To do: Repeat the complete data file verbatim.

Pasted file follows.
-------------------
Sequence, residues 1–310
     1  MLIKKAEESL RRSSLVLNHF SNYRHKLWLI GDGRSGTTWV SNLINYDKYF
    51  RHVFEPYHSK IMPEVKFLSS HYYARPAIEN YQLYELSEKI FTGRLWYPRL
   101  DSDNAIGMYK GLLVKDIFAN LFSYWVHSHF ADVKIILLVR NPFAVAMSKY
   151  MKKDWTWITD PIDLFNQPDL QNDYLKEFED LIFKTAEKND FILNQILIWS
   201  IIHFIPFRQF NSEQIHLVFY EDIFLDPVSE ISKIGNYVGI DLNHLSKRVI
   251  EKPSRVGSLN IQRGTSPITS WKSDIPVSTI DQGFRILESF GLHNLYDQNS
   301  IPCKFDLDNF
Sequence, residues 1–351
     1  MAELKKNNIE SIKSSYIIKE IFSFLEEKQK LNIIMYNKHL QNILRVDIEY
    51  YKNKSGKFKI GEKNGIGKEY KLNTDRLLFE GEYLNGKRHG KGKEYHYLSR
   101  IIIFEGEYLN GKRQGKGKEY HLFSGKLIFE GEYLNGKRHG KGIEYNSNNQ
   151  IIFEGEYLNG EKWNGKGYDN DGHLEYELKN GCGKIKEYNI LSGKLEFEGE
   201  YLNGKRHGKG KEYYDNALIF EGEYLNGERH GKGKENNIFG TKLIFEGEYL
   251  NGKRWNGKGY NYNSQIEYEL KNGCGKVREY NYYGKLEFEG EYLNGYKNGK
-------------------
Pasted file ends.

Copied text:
Sequence, residues 1–310
     1  MLIKKAEESL RRSSLVLNHF SNYRHKLWLI GDGRSGTTWV SNLINYDKYF
    51  RHVFEPYHSK IMPEVKFLSS HYYARPAIEN YQLYELSEKI FTGRLWYPRL
   101  DSDNAIGMYK GLLVKDIFAN LFSYWVHSHF ADVKIILLVR NPFAVAMSKY
   151  MKKDWTWITD PIDLFNQPDL QNDYLKEFED LIFKTAEKND FILNQILIWS
   201  IIHFIPFRQF NSEQIHLVFY EDIFLDPVSE ISKIGNYVGI DLNHLSKRVI
   251  EKPSRVGSLN IQRGTSPITS WKSDIPVSTI DQGFRILESF GLHNLYDQNS
   301  IPCKFDLDNF
Sequence, residues 1–351
     1  MAELKKNNIE SIKSSYIIKE IFSFLEEKQK LNIIMYNKHL QNILRVDIEY
    51  YKNKSGKFKI GEKNGIGKEY KLNTDRLLFE GEYLNGKRHG KGKEYHYLSR
   101  IIIFEGEYLN GKRQGKGKEY HLFSGKLIFE GEYLNGKRHG KGIEYNSNNQ
   151  IIFEGEYLNG EKWNGKGYDN DGHLEYELKN GCGKIKEYNI LSGKLEFEGE
   201  YLNGKRHGKG KEYYDNALIF EGEYLNGERH GKGKENNIFG TKLIFEGEYL
   251  NGKRWNGKGY NYNSQIEYEL KNGCGKVREY NYYGKLEFEG EYLNGYKNGK